The wheat market finished the previous week on a high with US futures markets up US19 cents a bushel, equating to around $11 a tonne Australian dollars in the session after the Thanksgiving holiday.
This lifted the December 19 wheat contract to a whopping AU$298/t to finish the week.
The main driver of this rally was the short-covering needed post the holiday in the US, but with a reduced trading day and minimal selling of Soft Red Winter, we saw the contract balloon to levels not seen for quite some time.
Adding to this there was also some data released last week on soft wheat sowing across France, that came back at only 80 per cent when typically they are all but finished in France at this time of year.
So with 20pc of the crop still to be planted, there will likely be some French farmers who plant later than usual when the ground dries out.
But there will also be a significant number of acres that remain unplanted and could affect supply into next year.
So with the potential for fewer acres in France, and the news from the Russian Ag Ministry that their wheat crop might only be 75 million tonnes for next year, could we have a supply issue building for the northern hemisphere next year?
My answer to that would be steeped with caution, as we are still three weeks out from Christmas with plenty of time for the northern hemisphere crop to bounce back from a troubled start.
Yes, Ukraine and Russia have had a dry couple of months, and there has been a little too much rain through some European countries, but there is not enough doubt in the market yet to kill off massive amounts of the crop before the Christmas break and the onset of winter.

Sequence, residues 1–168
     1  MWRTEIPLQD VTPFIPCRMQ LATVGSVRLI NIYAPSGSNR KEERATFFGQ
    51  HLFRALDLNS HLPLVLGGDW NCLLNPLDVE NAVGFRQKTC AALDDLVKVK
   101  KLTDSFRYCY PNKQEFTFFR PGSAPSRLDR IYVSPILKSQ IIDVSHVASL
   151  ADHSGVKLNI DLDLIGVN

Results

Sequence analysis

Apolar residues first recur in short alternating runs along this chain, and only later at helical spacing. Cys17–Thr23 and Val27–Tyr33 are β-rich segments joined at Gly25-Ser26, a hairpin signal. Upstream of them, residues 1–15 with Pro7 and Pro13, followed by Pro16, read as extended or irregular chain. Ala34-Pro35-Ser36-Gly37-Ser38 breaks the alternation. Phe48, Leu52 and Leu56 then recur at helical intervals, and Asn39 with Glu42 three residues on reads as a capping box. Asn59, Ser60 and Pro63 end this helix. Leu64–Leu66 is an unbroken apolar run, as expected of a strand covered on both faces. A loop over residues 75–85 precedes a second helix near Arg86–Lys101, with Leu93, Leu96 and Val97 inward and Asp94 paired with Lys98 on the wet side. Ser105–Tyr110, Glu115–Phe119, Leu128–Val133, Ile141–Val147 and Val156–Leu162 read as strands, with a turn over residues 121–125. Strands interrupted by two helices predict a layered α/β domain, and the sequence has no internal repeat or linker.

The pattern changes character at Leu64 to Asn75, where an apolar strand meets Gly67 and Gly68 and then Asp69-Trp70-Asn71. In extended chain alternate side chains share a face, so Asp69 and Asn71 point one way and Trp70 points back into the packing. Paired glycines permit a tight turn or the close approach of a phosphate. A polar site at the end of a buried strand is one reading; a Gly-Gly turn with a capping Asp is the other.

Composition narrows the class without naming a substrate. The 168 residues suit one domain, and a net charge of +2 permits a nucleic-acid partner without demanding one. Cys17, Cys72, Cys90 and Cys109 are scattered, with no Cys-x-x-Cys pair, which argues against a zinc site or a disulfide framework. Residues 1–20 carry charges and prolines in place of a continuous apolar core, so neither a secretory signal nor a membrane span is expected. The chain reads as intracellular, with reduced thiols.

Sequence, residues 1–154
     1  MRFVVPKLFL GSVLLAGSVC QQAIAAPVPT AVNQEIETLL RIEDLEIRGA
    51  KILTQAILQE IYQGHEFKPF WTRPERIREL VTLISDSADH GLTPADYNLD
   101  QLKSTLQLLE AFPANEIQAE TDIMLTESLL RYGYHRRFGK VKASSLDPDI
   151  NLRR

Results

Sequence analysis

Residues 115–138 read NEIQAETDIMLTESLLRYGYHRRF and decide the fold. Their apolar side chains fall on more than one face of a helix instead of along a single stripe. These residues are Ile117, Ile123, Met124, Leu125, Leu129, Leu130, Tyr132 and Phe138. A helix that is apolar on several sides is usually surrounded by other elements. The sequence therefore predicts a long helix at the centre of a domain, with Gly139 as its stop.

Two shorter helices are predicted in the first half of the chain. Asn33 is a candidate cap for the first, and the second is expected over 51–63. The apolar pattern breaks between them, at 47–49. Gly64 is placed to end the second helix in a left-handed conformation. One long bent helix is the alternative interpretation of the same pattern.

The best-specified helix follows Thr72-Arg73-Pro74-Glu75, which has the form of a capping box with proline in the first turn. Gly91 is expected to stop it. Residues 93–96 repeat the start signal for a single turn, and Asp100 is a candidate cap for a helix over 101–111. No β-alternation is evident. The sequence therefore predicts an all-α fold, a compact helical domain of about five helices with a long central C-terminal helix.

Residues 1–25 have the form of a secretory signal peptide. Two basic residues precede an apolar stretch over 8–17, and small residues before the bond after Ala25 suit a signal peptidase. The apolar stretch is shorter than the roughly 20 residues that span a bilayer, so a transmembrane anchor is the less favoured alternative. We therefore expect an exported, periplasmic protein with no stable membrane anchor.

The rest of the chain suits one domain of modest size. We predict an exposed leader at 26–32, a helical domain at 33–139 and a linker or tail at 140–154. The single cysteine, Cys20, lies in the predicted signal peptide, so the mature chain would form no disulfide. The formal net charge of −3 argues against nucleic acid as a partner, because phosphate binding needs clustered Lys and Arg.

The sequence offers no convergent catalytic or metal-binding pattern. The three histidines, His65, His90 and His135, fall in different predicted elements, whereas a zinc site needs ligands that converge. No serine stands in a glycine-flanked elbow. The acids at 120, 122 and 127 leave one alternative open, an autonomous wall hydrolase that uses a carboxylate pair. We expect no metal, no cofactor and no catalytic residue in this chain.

The situation in Australia is largely still driven by the east coast feed deficit, and identifying which port zone origins price best into the Brisbane and Newcastle ports.
The difference this year compared with last, is the size of the Victorian and South Australian crops, which are both doing their utmost to price into the northern zones.
Victoria will largely price into NSW via road, but Port Adelaide by boat is competing against the West Australian ports this year to ship grain around the country.
Western Australia had the intra-country grain shipment largely to itself last year, but with better than expected yields in South Australia and Victoria this year it will be a much different scenario.
The fact of the matter is Australia will have an exportable surplus this year, at least from the southern and western states.
They will have to compete into global markets at some point.
So the question remains will the world move higher on the back of production issues in the northern hemisphere and Australia picks up some of the slack, or will Australian grains have to move lower to compete into these markets?
As always the weather will be the key driver here.